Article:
We hope you will continue by our side on this awe-inspiring journey as we support proof-of-concept studies and gather the evidence base for therapeutic treatments that, pending FDA approval, will be available to patients in need. We should point out that inadequate funding continues to be a bottleneck for many of these studies. Donations to Heffter-sponsored psychedelic research can be made at

News To Share


  • The New York Times reports how our colleagues in the Johns Hopkins Psychedelic Research Group recommend reclassifying psilocybin when it is approved for medical use. “Psychedelics, like LSD and psilocybin, are illegal and not approved for medical or recreational use. But in recent years scientists and consumers have begun rethinking their use to combat depression and anxiety.”
    Article Link
  • Vogue magazine interviews Heffter researcher Matt Johnson about psychedelic science and therapy.
    Article Link
  • For deeper understanding: Heffter researchers expand our knowledge of the psychedelic experience through the personal narratives of people undergoing psilocybin therapy.
    Article Link
  • A recent study on psychedelic therapy for depression revealed significant changes in personality traits. Among study participants, neuroticism decreased significantly while insightfulness, openness, extraversion, and conscientiousness increased.
    Article Link
  • CNN interviews people who have experienced psychedelic-assisted therapy: MDMA for veterans suffering from PTSD, and psilocybin therapy for cancer patients with end-of-life anxiety. Heffter researcher Anthony Bossis emphasizes the role of psychedelics in improving the quality of life for patients with terminal cancer.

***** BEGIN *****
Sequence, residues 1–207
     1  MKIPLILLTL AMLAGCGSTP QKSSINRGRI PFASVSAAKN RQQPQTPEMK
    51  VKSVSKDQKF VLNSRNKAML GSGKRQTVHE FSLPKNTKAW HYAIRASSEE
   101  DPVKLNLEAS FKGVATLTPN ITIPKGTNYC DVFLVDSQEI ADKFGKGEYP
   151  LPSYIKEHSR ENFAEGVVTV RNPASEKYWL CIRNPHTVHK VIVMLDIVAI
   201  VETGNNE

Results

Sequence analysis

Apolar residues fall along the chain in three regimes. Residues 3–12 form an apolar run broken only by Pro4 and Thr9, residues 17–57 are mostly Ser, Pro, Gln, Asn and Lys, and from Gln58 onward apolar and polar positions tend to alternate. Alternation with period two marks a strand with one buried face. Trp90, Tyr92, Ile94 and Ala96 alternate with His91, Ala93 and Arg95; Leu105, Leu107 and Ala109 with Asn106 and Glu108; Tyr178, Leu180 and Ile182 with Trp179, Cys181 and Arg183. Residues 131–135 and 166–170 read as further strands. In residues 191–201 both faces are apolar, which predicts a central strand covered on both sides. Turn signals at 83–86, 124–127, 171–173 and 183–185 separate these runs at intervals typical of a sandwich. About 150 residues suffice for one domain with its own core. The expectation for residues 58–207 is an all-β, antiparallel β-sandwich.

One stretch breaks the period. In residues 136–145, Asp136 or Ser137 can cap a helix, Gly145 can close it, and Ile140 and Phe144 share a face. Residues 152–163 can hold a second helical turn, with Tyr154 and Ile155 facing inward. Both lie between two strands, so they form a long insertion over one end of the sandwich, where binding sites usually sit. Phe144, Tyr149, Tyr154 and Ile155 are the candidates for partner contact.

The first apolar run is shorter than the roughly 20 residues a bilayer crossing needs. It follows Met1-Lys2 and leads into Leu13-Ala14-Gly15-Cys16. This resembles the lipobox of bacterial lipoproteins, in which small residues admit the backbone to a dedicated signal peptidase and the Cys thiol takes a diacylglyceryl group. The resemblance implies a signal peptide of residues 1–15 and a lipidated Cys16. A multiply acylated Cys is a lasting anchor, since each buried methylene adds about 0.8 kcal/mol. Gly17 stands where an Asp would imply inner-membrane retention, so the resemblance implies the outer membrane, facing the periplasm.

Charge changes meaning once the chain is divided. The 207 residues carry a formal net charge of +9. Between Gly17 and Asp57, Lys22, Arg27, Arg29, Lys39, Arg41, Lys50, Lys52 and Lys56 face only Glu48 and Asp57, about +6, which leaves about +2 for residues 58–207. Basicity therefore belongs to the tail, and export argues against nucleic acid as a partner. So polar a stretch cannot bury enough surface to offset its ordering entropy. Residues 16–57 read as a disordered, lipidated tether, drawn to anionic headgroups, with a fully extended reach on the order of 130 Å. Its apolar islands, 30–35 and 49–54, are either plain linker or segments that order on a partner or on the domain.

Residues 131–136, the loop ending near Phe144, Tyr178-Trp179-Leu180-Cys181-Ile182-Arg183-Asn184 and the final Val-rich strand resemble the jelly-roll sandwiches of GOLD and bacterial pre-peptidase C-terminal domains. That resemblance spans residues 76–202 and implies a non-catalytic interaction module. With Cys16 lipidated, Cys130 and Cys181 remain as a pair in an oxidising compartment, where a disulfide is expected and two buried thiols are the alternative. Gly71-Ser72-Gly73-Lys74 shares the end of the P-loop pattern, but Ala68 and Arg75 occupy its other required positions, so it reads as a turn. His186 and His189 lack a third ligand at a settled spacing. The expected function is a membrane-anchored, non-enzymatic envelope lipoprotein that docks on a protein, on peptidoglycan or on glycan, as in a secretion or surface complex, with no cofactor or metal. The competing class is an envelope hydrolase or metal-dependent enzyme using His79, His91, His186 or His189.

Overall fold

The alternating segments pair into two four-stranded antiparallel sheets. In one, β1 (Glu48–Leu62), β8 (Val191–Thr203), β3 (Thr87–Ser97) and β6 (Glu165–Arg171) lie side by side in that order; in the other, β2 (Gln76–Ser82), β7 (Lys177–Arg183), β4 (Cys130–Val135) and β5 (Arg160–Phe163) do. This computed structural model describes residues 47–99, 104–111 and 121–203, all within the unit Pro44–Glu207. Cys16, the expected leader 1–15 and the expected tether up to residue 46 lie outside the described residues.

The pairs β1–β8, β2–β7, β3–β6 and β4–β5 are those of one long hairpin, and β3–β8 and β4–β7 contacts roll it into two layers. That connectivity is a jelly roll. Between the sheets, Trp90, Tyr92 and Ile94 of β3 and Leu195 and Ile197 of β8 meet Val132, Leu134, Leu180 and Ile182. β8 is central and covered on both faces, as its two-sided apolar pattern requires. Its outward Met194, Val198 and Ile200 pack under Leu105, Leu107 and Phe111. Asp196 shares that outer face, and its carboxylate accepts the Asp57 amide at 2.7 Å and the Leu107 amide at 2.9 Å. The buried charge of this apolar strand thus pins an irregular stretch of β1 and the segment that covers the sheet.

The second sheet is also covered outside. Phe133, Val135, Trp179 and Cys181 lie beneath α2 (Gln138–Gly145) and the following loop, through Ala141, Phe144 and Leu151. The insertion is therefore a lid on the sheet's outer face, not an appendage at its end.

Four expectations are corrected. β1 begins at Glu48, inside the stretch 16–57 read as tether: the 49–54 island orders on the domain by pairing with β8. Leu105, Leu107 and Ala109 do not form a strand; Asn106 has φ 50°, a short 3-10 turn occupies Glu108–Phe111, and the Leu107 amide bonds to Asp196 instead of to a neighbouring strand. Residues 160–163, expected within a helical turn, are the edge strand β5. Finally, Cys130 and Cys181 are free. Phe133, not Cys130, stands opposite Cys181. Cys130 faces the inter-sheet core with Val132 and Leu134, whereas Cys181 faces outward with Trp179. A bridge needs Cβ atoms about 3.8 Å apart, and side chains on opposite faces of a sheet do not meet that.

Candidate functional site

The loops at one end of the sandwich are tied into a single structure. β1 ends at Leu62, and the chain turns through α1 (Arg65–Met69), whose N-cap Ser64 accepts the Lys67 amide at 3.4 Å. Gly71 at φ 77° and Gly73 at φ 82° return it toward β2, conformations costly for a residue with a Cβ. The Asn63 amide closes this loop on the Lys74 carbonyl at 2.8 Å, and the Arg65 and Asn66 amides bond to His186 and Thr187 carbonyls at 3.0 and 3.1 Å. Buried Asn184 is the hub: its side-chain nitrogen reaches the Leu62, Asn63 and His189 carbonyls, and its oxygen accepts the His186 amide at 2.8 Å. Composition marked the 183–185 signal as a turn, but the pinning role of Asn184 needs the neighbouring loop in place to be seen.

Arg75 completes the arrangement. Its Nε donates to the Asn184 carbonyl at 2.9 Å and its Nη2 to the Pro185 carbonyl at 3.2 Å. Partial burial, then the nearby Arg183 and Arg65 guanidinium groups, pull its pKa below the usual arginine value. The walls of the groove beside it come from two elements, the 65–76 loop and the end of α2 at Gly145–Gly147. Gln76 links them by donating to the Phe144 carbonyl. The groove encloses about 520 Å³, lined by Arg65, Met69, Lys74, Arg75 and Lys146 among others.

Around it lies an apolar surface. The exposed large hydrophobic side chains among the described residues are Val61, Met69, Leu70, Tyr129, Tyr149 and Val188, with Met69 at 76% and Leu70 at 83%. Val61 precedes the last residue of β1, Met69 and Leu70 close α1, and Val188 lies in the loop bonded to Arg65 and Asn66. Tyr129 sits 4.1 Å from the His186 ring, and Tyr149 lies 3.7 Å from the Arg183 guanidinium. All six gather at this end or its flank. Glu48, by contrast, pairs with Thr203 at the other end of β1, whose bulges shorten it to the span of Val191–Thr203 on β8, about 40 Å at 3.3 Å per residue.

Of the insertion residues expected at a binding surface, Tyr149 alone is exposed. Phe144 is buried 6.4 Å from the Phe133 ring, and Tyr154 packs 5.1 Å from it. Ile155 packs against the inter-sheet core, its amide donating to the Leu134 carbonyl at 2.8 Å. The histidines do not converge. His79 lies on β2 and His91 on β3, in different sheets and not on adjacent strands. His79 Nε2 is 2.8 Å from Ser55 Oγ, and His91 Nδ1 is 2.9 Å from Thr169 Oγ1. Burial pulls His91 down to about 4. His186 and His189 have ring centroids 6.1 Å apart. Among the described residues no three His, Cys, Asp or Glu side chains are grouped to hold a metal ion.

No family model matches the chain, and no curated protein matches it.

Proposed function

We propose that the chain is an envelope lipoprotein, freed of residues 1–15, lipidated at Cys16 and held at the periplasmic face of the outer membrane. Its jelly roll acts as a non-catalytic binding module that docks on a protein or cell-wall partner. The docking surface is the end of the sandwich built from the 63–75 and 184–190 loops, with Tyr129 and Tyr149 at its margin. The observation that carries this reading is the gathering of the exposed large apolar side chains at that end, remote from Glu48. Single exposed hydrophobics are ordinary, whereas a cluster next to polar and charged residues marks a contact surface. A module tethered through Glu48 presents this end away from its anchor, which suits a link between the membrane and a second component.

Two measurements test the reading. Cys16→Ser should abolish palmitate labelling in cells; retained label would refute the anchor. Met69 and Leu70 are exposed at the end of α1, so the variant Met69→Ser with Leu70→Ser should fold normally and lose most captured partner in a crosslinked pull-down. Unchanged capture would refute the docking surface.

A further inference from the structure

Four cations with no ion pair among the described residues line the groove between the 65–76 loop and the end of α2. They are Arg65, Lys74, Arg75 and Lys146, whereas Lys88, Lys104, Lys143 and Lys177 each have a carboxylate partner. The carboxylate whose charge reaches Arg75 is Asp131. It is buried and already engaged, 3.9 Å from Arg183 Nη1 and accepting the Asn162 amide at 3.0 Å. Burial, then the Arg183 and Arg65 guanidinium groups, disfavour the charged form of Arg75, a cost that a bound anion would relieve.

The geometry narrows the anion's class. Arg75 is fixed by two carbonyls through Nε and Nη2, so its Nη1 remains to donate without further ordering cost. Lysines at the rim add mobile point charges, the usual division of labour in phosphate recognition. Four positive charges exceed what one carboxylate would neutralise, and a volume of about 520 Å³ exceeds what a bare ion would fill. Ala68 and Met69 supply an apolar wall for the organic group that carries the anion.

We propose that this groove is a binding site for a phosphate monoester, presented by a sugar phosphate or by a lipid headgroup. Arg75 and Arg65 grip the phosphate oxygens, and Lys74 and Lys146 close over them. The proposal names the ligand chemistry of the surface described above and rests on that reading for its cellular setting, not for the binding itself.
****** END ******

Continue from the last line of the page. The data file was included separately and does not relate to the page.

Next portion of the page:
Article Link

Thank You To All Our Supporters!

The founding purpose of the Heffter Research Institute in 1993 was to ensure that researchers could pursue important scientific work on psychedelics and their potential uses in basic research and clinical treatment. With your support and donations, we are proud to note that 2018 marks twenty-five years of progress toward our goals! Over that time, we are proud to have been able to provide more than 9 million dollars toward ground-breaking research on psychedelics, and we are continually thankful to the many donors who have made that possible.

Thank you for supporting Heffter this year as we continue to promote psychedelic research. For additional information or to share your thoughts, please email us at [email protected]